and since I don't know them very well, I thought they might not be exactly overjoyed to look out the window and see the nutty neighbour prancing through their flower beds, so I retreated.

Back to the garden and the chores.

Monday, July 07, 2008

Saving The Earth--With Papersticks

Waste not, want not. We didn't think about recycling when I was growing up. We just did it. My mother would as soon have sold her first-born [me] to the tinkers as toss a glass jamjar in the rubbish. They were saved and stored on shelves in the shed out back until she got a notion to make jam or marmalade.

The shed was also where we collected waste paper, in a hemp sack, for the monthly Diocesan Collection. But many of our newspapers, at least in winter time, never reached the shed. We used them to make paper sticks for starting the fire.

Once a week, our dad would gather a pile of old newspapers, and recruit us to help, since we had no distractions such as video games, ipods, dvds or computers. Dad was, at least in his own opinion, the fastest and best paper stick maker in the land. And we all aspired to be as good as, or better, than he was. He had the complacent smile and nimble fingers of a master. The air crackled with competitive tension and the rattle of paper as we fashioned the sticks, with varying degrees of skill. Looking back, I can see now, that making us want to be better at it than he was, was his clever way of getting a bigger pile of paper sticks with a smaller outlay of energy! I don’t believe I ever took his crown away....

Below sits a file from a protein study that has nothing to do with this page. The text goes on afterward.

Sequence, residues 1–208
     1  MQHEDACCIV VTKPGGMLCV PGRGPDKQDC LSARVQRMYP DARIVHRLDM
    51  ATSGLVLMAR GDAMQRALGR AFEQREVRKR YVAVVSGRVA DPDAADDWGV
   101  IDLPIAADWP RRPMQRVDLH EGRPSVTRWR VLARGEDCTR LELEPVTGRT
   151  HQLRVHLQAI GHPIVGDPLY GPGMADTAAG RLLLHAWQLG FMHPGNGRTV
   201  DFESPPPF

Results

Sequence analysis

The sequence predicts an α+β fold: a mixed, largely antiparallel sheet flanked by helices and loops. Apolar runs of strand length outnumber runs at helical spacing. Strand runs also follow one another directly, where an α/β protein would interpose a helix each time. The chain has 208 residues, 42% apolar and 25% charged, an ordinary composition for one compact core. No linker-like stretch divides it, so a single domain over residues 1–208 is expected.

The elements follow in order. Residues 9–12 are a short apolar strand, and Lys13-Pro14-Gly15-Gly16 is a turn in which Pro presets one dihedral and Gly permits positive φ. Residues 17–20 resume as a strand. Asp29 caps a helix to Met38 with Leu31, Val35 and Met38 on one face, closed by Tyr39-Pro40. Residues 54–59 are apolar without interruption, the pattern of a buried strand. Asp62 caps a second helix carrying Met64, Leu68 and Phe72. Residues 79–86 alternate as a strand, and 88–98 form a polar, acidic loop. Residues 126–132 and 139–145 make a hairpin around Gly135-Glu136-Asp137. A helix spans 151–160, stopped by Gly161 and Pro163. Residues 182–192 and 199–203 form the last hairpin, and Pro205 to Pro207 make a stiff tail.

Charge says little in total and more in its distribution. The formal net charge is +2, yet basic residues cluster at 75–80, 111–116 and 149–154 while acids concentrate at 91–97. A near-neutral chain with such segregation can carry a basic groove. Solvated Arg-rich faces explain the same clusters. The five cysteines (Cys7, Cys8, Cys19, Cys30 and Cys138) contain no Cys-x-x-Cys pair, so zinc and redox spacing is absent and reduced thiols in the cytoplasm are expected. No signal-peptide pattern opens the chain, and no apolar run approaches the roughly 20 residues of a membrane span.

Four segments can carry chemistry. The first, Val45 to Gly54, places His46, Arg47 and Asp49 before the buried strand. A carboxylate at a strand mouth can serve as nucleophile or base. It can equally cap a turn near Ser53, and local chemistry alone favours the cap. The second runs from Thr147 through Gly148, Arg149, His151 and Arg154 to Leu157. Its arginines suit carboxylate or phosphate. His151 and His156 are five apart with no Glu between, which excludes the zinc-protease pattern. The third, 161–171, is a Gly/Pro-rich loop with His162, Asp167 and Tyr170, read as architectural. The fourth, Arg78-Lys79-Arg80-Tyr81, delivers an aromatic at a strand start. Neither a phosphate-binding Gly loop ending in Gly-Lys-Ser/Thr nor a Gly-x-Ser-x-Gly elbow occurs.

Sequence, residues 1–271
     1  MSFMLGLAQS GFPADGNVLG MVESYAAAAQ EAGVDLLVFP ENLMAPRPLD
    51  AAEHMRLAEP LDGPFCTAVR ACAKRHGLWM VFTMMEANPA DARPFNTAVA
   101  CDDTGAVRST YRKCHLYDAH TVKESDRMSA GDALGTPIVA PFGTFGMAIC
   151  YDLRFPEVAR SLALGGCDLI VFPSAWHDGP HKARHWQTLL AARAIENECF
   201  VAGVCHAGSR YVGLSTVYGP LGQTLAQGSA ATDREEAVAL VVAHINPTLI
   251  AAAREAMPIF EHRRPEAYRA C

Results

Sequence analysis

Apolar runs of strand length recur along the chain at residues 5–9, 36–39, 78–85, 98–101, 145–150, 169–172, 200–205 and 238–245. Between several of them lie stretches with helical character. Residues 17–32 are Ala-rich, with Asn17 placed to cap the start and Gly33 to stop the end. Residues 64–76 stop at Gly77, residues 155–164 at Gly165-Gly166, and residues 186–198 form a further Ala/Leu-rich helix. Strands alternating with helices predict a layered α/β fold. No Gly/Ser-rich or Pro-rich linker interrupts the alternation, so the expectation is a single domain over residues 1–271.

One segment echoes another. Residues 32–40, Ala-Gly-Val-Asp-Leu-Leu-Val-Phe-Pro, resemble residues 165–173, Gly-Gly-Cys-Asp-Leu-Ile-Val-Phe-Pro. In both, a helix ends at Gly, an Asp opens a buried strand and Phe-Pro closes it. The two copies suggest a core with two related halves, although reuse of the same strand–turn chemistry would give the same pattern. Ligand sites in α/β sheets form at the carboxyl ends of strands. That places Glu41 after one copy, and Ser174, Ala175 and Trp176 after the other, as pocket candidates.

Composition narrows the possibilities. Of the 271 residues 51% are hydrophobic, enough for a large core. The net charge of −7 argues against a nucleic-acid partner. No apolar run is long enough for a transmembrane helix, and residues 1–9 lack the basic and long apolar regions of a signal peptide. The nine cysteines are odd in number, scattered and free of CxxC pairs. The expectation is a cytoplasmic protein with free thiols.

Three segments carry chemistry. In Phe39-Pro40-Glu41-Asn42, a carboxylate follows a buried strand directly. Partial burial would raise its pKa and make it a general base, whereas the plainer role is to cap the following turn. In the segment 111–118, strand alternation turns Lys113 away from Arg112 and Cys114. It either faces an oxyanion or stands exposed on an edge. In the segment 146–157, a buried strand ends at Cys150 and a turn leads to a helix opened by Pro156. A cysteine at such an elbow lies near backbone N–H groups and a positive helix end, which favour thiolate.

It was no good if you rolled the paper too tight or too loose. You had to get it just right. If you didn't fold it exactly in half, you'd run out of paper on one side. And if your last few twists weren't neat and tight, so that when you tucked in the last piece it was snug and secure, the whole thing would come undone.